The Curious Case of the Don and the Sticky WicketDave Wilson |
When voted as one of the Five Cricketers of the Century in the 2000 edition of Wisden, the writer lamented of Don Bradman that “If there is a blemish on [Bradman’s] amazing record it is the absence of a significant innings on one of those “sticky dogs” of old, when the ball was hissing and cavorting under a hot sun following heavy rain”. In compiling this article, it was pointed out to me that the Don’s record would be even more impressive if we took into account that he had to play on uncovered wickets – to compare more directly with today’s batting greats we should really take out those innings by the Don which were made on rain-affected wickets.
Of course, the only way to test this hypothesis, that the Don was merely mortal on a damp pitch, was to go through each of the match reports and determine which of his innings could be considered to have been made on rain-affected pitches. Although rain fell in a significant number of the Tests in which he played, not all necessarily affected the Don’s own innings – here is a listing of all of the Tests in which Bradman appeared which were affected by rain, together with details of the relevant innings:-
|29-Dec-1928||England||79 & 112||rain affected the pitch after Bradman’s innings|
|13-Jun-1930||England||8 & 131||wicket had improved by the 4th innings, so only his first innings was affected|
|11-Jun-1930||England||334||rain affected the pitch after Bradman’s innings|
|25-Jul-1930||England||14||innings affected by rain|
|16-Aug-1930||England||232||rain affected the pitch after Bradman’s innings|
|1-Jan-1931||West Indies||25||rain affected the pitch after Bradman’s innings|
|16-Jan-1931||West Indies||223||after rain overnight, Bradman did not add to his score|
|27-Feb-1931||West Indies||43 & 0||both innings affected by rain|
|27-Nov-1931||South Africa||226||rain affected the pitch after Bradman’s innings|
|18-Dec-1931||South Africa||112||rain affected the pitch after Bradman’s innings|
|8-Jun-1934||England||29 & 25||only Bradman’s second innings was rain-affected|
|22-Jun-1934||England||36 & 13||both innings affected by rain|
|20-Jul-1934||England||304||rain affected the pitch after Bradman’s innings|
|18-Aug-1934||England||244 & 77||after rain overnight, Bradman added one to his second-innings score|
|4-Dec-1936||England||38 & 0||only Bradman’s second innings was rain-affected (rain between fourth and fifth days)|
|18-Dec-1936||England||0 & 82||both innings affected by rain|
|1-Jan-1937||England||13 & 270||only Bradman’s first innings was rain-affected|
|24-Jun-1938||England||18 & 102||rain did not affect Australia’s innings|
|29-Nov-1946||England||187||rain did not affect Australia’s innings|
|28-Nov-1947||India||185||rain did not affect Australia’s innings|
|12-Dec-1947||India||13||innings affected by rain|
|1-Jan-1948||India||132 & 127||rain did not affect Australia’s innings|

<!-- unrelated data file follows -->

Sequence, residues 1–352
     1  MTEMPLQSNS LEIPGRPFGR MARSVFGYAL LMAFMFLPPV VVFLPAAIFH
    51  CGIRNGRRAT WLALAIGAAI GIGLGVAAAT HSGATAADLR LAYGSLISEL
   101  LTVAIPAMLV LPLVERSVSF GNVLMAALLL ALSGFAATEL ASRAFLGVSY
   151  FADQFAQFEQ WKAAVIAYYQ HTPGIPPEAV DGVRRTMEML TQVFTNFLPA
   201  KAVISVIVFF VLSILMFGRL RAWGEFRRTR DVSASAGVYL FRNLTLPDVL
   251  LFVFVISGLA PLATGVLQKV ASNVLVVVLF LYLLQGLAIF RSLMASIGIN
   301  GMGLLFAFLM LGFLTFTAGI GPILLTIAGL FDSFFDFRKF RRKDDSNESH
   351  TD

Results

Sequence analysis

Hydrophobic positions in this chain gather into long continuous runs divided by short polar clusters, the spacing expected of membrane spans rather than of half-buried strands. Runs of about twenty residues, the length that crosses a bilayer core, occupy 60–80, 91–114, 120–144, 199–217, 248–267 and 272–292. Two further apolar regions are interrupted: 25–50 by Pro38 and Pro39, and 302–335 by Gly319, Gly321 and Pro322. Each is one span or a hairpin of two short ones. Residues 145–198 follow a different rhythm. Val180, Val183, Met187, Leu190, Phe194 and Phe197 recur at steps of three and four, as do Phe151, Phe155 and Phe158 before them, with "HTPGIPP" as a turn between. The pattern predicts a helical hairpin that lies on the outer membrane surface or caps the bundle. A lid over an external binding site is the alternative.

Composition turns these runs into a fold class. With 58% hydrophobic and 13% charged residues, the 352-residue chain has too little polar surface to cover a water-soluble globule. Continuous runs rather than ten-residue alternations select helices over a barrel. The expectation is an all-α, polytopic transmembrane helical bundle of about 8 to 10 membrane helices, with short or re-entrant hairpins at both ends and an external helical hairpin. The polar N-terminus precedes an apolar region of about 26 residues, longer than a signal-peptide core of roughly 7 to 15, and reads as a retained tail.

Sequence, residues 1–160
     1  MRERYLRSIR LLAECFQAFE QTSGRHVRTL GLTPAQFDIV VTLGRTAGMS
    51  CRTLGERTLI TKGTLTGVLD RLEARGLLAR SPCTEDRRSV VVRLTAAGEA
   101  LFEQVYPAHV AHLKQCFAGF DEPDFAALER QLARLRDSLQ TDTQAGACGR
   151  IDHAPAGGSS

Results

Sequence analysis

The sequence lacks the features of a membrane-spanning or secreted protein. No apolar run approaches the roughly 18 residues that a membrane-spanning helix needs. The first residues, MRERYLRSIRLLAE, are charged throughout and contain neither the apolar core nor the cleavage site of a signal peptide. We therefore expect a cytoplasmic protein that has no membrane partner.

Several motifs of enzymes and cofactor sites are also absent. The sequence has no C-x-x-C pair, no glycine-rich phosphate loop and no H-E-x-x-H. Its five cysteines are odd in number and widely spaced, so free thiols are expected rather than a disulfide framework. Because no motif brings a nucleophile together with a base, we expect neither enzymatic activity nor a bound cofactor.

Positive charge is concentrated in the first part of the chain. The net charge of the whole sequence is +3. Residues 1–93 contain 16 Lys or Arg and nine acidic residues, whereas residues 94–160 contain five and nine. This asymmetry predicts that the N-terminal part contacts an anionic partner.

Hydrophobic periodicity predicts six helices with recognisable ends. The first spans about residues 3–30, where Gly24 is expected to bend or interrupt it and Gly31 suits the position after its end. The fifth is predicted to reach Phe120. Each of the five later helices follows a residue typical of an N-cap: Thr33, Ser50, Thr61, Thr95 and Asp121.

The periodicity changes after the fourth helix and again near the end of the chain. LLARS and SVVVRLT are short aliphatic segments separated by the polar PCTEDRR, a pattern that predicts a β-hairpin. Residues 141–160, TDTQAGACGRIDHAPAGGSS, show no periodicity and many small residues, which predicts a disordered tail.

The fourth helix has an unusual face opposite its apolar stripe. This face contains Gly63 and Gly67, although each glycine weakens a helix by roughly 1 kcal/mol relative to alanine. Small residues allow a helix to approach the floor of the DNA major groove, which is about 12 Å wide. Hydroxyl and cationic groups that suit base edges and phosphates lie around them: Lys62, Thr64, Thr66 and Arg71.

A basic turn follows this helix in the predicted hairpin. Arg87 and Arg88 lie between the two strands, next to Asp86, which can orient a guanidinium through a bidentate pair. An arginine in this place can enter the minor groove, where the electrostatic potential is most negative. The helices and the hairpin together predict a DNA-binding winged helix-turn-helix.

|10-Jun-1948||England||138 & 0||rain did not affect Australia’s innings|
|8-Jul-1948||England||7 & 30*||both innings affected by rain|
|14-Aug-1948||England||0||innings affected by rain|
Note: during the Test of 22-Jul-1938, a match played in high humidity, Bradman would not appeal against the bad light as he did not want to have to bat next day on a potentially damp wicket. In the event it did not rain, so that match doesn’t appear in the list above.
Rain affected 25 of the 52 Tests in which Bradman played, i.e. almost half – the Don’s affected innings are shown in bold above, so we can now create two averages for Bradman, one for rain-affected innings and one for non-affected innings, i.e. more equivalent to playing today on covered wickets.
By my reckoning there were fifteen of Bradman’s Test innings which we can consider rain-affected and treat them separately – here are the adjusted averages:-
As we can see, there is a significant difference between his performances on rain-affected pitches as compared with those which were unaffected – not only was he merely mortal on those wickets, he was not even good; he made only one fifty in fifteen innings, or a rate of 6.7%, compared with 41 out of 65 on unaffected pitches, or a rate of 63.1%. Also, four of his seven ducks were achieved on damp pitches (including, of course, that most famous duck, in his final test innings).
So what specificially were his weaknesses on such wickets? Let’s look at the fourteen dismissals for clues, first the bowlers:-
Seam bowlers: 7
Spin bowlers: 7
So no particular type of bowling seemed to fox him – let’s take a look at the dismissal types:-
Caught behind: 4
Caught close: 3
Close catching accounted for half of the dismissals, but I think it’s fair to say that there was no real bowling/fielding combination with which he had trouble – Bradman simply could not fathom damp wickets.
Nonetheless, His astonishing average of 119.90 on unaffected pitches should be compared with today’s players, who all bat on covered wickets – this distances him even further from all-comers and shows that, had he been even an average batsman on damp wickets, his average would have been comfortably over a hundred, thus ending the seemingly endless discussion over his Test average being so frustratingly close to the magical 100.00.
FOOTNOTE: I was also asked if the Don had been unduly affected by the change in the LBW law of 1935 – he was dismissed LBW three times in 42 innings prior to the law change and three times in 38 innings after, which I think we can summarise as no, he was not unduly affected by the LBW law change.